Whilst running the session, I was reminded how creating workshop exercises is very similar to devising and creating shows. Through repeated delivery of exercises/games, I find that I hone the way I phrase the instructions, refine what order to give the participants the information they need, at what point I hand the game over to them. Many exercises have specific phrases I always use, or stories that always accompany them, as I have discovered that these help people to understand the invitation of the game – or where the material it generates might go in terms of telling a story or making a show. 

In Third Angel’s interactive/conversational work, the distinction between performance or workshop exercise can often feel blurred. This is partly because when we’re making a new show we will often come up with new games to help us generate stories/material for it – and then we take those exercises out of the rehearsal room and into public contexts. I’ve said/written before that in these projects what we’re usually trying to find is a mechanism that will allow people (participants and/or performers) to discover that there is a story they would like to tell, in that moment. These devising exercises aim to give people prompts to remember a story that they want to tell, and then to give them a format to fit the story into (if they like): following the rules of the game, telling the story in a prescribed way - just answering the question - takes the pressure off having to ‘make it good’ or ‘interesting’. And, apart from the very rare exception, people always find that they do have (at least one) interesting story to tell.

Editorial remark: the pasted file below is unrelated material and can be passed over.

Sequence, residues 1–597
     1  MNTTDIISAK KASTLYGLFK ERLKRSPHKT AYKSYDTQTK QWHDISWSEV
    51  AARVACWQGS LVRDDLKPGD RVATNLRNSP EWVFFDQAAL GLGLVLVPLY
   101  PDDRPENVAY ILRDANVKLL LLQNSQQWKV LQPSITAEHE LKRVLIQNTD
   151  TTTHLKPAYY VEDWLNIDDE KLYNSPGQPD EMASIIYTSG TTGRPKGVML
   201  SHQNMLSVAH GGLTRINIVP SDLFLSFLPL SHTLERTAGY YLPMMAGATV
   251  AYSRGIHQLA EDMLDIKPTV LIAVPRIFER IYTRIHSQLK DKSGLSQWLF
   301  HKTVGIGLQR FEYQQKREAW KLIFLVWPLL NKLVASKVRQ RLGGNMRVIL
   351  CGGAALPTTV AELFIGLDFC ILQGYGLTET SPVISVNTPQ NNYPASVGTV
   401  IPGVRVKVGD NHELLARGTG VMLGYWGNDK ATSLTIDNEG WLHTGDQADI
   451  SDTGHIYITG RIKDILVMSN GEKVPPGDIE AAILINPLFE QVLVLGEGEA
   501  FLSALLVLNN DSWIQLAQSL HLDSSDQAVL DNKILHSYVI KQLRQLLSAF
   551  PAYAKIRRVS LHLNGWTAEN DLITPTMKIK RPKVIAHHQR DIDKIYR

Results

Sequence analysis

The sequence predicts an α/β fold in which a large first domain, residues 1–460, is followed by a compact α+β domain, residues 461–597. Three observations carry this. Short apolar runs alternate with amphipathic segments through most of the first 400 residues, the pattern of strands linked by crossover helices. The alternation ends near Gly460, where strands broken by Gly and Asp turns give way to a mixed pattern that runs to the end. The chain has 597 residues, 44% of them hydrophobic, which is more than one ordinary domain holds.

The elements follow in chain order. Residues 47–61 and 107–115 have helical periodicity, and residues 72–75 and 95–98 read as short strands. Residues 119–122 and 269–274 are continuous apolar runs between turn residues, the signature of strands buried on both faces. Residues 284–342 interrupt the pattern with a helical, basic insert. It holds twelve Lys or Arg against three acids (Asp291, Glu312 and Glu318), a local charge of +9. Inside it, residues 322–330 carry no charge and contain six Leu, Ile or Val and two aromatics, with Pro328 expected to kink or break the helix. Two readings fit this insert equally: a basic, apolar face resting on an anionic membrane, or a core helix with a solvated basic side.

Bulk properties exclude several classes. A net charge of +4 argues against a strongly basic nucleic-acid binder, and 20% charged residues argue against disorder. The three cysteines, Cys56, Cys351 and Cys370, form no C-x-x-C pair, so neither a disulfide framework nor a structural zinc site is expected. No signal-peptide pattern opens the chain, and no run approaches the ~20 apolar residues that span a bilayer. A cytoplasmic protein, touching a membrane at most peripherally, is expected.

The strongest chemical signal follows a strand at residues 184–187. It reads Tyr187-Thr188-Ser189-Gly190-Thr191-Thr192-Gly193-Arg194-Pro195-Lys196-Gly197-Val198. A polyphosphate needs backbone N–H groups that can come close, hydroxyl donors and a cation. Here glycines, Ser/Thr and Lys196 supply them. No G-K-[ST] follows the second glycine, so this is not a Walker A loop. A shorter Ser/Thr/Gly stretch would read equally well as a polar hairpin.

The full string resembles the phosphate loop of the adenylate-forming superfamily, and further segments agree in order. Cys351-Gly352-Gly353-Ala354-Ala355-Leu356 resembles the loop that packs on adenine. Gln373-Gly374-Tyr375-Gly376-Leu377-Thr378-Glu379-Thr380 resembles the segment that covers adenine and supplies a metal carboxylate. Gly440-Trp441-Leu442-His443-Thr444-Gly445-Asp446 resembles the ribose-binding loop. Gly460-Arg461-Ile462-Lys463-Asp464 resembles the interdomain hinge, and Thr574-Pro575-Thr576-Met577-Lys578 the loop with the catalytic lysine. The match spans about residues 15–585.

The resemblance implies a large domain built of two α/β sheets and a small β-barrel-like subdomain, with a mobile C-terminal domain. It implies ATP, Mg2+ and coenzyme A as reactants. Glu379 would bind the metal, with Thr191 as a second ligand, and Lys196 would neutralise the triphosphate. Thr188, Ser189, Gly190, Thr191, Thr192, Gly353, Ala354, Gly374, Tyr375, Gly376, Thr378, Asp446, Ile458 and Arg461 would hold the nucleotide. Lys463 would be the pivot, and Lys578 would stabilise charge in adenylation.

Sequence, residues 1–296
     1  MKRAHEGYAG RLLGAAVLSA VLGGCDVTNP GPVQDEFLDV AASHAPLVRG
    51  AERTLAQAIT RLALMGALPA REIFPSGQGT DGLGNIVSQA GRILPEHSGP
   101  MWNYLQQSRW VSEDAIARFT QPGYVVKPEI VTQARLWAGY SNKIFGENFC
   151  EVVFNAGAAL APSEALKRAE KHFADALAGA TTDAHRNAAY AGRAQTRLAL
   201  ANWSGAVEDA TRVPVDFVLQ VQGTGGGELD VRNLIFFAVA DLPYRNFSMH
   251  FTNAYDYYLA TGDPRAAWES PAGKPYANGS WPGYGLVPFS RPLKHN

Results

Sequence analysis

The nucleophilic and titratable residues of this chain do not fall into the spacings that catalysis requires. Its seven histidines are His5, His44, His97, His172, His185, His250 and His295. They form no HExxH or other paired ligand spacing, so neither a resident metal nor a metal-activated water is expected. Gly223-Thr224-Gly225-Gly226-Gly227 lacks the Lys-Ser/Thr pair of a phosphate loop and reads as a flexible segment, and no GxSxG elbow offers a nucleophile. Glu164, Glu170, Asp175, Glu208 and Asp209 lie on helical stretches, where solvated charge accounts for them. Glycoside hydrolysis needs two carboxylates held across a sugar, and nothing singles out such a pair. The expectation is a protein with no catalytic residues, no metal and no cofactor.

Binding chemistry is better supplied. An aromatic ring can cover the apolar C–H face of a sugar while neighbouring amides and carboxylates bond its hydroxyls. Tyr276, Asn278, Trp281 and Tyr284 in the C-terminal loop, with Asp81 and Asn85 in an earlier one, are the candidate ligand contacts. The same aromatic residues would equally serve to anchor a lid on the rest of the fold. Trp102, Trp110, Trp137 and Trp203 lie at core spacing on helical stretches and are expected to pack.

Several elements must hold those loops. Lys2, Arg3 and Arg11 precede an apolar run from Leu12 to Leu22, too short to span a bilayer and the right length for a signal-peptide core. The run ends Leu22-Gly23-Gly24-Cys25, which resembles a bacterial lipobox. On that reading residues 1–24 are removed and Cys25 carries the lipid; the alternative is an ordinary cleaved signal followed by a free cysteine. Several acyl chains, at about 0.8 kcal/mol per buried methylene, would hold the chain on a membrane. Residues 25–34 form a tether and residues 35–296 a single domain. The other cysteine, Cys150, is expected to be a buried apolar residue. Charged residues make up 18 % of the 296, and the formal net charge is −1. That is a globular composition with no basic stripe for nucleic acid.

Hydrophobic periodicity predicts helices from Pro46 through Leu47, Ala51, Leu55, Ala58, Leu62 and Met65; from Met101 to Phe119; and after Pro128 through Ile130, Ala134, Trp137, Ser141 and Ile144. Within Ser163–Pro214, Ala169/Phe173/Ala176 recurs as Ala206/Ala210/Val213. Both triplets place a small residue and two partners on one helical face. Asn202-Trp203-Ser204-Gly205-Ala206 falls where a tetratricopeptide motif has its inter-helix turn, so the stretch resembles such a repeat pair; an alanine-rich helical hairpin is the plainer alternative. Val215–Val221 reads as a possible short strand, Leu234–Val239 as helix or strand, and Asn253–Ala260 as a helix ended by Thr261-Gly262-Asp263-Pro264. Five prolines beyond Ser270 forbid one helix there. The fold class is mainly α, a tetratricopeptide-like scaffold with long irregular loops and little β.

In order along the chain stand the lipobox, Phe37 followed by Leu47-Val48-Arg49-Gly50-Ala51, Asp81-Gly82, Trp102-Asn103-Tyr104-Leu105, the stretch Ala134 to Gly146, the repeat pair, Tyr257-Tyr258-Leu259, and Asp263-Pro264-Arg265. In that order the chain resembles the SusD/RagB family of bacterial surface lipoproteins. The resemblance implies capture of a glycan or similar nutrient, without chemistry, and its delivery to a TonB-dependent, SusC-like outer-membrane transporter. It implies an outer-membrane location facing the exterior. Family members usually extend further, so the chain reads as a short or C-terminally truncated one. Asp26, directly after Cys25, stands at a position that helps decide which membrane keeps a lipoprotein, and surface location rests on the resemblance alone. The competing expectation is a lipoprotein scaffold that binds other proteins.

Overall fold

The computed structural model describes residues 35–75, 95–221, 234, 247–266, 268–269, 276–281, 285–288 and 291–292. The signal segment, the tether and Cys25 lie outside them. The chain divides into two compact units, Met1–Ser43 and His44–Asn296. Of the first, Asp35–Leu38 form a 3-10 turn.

Inspiration Exchange worked the opposite way round. It was originally devised as a workshop exercise for a Café Scientifique event about where ideas come from. The brief was to come up with an activity that people could drop in on, rather than having to attend an hour long session. Since that first incarnation, different versions of the Inspiration Exchange have been presented across the UK and internationally – usually as a show, but sometimes as a sharing mechanism for artists/companies. But the essential exchange is always the same. We have a collection of story titles – stories of things, people, ideas, events, that have inspired someone. You choose a story title that you like the sound of, and then after hearing it, you offer a story back to the Exchange to swap in.

As mentioned earlier, and in keeping with the evolving nature of the project, we’re varying the format slightly at Departure Lounge. Firstly the Exchange will be part of the programme in The S.H.E.D. – an innovative new multi-purpose mobile arts and performance space led by our friend and collaborator Rhiannon Jones of In Dialogue. (The S.H.E.D. will also host Jake Bowen’s remarkable Plea Bargain the next day – a must see).

Secondly, you can book a slot in to Inspiration Exchange in advance. The show is free to Festival-pass-holders, and you can book in to a particular half hour slot when you get your pass, or you can just drop in on the day. Hopefully this will even the audience out across the duration of the Exchange (sometimes the first hour can be a bit quiet). If you’re going to be at Departure Lounge, I hope you can drop in.

**

Thanks to Kirsty Surgey for letting me photograph her room drawing.